The decision of RBI’s Monetary Policy Committee to keep the repo rate unchanged was in line with an almost foregone conclusion. The committee’s 5:1 voting in favour of continuing with the stance of “withdrawal of accommodation” was also not surprising.

The RBI underscored that the vigil on inflation will remain strong as it emphasised the importance of striving for the CPI target of 4 per cent, rather than merely staying within the tolerance band. That, along with the unchanged policy stance, is likely to have further pushed out street expectations of rate cuts to the margin. Given the evolving growth-inflation dynamics, the RBI could continue to be on wait-and-watch mode and keep policy rates on hold for several quarters — probably even beyond calendar 2023. The RBI’s communication has reinforced that expectation.

Despite lowering the Q1 FY24 CPI inflation forecast by 50 basis points, the RBI lowered its CPI projection for the full year only marginally, from 5.2 per cent earlier to 5.1 per cent now. This is judicious amid several risks emanating from a host of factors ranging from weather uncertainties to continued geopolitical risks, and to global recession fears.

Avoiding complacency

On the question of growth, while the RBI underscored India’s relatively strong performance and resilience, it has clearly avoided complacency, by recognising that risks around its FY24 GDP growth forecast of 6.5 per cent are evenly balanced.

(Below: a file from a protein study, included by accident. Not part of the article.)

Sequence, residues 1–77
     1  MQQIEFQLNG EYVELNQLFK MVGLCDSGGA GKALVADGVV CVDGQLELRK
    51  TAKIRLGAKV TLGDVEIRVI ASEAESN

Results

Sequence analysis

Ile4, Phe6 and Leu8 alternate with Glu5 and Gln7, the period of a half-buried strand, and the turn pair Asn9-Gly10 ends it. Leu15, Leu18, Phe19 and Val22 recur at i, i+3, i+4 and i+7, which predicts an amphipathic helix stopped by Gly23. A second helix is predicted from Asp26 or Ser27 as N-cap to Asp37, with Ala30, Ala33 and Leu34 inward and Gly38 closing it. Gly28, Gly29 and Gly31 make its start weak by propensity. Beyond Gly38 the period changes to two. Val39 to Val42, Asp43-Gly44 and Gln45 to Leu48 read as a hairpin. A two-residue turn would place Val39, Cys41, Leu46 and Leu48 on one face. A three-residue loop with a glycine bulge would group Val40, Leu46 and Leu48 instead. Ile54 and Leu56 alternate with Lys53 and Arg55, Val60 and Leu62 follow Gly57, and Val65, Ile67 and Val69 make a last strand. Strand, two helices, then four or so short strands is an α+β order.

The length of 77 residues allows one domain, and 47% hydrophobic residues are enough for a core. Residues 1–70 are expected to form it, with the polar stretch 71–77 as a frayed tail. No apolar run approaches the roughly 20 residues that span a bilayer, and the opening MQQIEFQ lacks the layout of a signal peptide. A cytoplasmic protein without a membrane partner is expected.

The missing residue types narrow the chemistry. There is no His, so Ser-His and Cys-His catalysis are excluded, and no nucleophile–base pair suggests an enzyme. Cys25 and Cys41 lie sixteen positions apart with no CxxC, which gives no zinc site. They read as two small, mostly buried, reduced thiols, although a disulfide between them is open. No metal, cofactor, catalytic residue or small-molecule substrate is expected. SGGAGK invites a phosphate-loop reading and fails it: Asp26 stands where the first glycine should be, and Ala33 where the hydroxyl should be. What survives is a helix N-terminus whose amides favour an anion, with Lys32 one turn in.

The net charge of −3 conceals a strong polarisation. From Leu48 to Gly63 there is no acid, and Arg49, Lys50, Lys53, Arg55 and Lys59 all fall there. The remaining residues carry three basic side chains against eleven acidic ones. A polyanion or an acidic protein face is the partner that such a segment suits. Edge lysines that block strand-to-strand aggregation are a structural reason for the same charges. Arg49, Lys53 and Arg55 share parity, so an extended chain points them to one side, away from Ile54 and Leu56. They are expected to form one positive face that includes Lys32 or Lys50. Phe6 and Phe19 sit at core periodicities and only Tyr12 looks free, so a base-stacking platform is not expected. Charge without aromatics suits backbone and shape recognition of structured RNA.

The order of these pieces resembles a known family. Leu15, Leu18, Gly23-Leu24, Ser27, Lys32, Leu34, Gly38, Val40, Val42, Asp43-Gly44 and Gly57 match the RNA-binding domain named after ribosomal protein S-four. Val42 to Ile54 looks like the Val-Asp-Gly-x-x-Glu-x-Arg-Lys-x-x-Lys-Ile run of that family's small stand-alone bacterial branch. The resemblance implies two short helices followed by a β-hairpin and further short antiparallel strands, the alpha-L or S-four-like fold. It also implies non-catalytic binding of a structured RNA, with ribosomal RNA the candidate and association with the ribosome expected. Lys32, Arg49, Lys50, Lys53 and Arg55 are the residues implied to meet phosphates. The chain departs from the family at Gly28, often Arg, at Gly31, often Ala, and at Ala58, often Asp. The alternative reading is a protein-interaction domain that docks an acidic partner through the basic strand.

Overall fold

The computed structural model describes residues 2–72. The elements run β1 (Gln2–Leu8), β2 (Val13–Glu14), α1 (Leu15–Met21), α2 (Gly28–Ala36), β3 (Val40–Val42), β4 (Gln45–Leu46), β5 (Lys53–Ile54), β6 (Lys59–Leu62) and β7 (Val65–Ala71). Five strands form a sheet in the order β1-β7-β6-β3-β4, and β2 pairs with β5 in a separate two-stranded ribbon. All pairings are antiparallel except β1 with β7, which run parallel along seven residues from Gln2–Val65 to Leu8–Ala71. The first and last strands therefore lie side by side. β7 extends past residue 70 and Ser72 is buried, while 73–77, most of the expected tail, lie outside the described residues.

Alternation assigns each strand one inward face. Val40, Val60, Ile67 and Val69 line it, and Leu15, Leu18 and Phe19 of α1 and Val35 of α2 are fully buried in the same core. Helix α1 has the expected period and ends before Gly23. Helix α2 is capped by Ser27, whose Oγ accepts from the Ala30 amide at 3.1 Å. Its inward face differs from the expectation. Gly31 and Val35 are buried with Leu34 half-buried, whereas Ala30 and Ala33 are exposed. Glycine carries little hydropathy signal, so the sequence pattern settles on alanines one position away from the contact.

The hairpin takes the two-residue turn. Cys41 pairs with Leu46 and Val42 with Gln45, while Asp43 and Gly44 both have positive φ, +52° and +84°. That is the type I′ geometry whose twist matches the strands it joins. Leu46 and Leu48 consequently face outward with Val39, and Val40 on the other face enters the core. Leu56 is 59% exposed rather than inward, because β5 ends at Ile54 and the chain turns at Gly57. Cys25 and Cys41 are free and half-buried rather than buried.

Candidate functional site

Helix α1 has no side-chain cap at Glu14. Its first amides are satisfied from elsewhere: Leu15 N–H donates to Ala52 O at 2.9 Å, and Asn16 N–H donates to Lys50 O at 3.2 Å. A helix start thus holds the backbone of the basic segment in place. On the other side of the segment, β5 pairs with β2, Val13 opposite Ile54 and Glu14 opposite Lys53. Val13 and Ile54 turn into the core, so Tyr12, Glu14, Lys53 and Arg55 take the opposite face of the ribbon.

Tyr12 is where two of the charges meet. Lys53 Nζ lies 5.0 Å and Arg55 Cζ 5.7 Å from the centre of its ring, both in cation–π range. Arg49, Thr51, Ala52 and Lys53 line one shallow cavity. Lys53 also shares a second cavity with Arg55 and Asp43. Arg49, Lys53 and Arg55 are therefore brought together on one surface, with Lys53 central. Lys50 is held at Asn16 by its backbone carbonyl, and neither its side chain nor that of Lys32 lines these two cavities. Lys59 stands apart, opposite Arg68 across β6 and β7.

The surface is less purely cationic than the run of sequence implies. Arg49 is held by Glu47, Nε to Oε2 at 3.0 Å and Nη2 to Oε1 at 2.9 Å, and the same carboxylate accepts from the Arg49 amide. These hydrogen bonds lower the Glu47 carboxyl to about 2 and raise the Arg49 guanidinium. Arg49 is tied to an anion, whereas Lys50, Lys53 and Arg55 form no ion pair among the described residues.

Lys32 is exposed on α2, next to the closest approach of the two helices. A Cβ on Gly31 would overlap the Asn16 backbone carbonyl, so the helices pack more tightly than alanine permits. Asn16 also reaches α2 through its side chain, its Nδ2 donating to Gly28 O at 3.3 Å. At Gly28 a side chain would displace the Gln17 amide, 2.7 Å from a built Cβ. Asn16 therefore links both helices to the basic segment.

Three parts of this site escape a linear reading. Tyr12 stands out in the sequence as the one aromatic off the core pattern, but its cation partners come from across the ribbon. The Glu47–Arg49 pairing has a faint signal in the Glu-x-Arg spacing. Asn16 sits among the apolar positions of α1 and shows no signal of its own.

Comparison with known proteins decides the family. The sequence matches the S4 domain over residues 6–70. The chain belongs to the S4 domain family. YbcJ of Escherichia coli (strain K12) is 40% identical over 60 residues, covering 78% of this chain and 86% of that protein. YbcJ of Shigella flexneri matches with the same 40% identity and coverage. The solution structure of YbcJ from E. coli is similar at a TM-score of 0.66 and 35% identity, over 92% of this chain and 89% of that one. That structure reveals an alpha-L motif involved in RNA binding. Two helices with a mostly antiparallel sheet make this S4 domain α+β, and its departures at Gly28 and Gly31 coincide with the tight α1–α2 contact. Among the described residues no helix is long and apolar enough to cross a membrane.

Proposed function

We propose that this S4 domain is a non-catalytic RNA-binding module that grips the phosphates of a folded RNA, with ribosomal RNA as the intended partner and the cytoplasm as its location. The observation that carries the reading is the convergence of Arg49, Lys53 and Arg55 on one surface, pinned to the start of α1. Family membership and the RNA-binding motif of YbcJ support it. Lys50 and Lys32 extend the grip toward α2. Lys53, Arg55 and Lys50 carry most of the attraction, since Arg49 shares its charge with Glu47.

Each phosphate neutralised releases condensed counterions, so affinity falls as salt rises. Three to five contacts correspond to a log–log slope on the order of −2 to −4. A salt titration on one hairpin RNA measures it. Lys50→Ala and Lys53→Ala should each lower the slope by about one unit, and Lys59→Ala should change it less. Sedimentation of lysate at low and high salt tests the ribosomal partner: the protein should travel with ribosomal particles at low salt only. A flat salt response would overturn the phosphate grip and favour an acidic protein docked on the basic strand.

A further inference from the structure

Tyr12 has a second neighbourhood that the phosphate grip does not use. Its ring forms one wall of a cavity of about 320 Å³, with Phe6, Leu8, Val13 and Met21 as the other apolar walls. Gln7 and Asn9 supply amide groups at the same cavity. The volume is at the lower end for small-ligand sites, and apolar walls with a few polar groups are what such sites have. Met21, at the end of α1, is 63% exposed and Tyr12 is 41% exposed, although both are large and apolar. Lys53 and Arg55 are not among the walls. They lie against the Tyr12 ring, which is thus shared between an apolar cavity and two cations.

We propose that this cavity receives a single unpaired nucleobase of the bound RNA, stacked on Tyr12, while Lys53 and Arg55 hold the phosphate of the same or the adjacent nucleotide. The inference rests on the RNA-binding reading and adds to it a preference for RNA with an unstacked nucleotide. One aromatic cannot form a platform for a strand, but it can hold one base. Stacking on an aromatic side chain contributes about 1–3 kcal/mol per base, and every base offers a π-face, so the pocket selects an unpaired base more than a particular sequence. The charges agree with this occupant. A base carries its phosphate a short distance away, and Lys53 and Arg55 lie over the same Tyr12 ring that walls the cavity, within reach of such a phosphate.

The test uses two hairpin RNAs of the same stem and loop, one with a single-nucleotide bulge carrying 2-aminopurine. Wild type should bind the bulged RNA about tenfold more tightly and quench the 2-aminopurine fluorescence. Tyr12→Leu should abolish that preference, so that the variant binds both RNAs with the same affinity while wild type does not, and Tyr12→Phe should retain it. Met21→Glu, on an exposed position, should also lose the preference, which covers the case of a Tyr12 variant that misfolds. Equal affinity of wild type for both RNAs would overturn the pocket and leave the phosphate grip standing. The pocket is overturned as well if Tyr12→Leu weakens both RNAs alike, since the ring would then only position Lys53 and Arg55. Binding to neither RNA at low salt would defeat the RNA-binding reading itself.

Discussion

Another interesting question is: how confident can one be about no further rate hikes by the RBI in the coming months? After all, central banks in a number of countries (Australia, Canada, etc) hiked their interest rates in recent months even after staying on hold for a while prior to that.

Indeed, the undertone of the RBI’s cautious guidance of “only a pause and not a pivot” is that the central bank is in no rush to ease, and future policy action will remain data-dependent and the central bank may even not refrain from hiking rates again, if needed.

After the two pauses in April and June, one feels that the bar for further hike in the repo rate has moved higher, especially given the trends in various macro parameters in recent months. For example, if the RBI’s CPI forecasts materialise, the current repo rate of 6.5 per cent will imply that India’s real policy rate will hover around over 1.5 per cent during H1 FY24, while maintaining a similar policy rate differential with the US Fed Funds Rate. The RBI currently also enjoys the cushion of a material narrowing of the trade and current account gaps and a range-bound rupee.

Moreover, in case of fresh upward pressure on inflation, the RBI’s reaction will likely depend critically on how broad-based those inflationary pressures are, and whether there exits risks of spill-over, and entrenching inflation expectations.

In the context of US policy, the Fed is expected to stay on hold in their upcoming meeting next week. However, the Fed’s dot plot will possibly be more interesting than its rate action. In March, 11 of the 18 Fed governors, who decide the US Fed Funds Rate, did not expect the same to exceed the current 5-5.25 per cent range in 2023. It would be interesting to know in which direction the dot plot has moved in the last three months.

Of late, monetary policies in India have been prudent, balancing long-term objectives and near-term priorities, along with decisive and front-loaded action — a trend that is likely to continue in the foreseeable future.

The writer is Chief Economist & Head of Research in Bandhan Bank. The assistance of Gaurav Mukherjee is acknowledged. Views are personal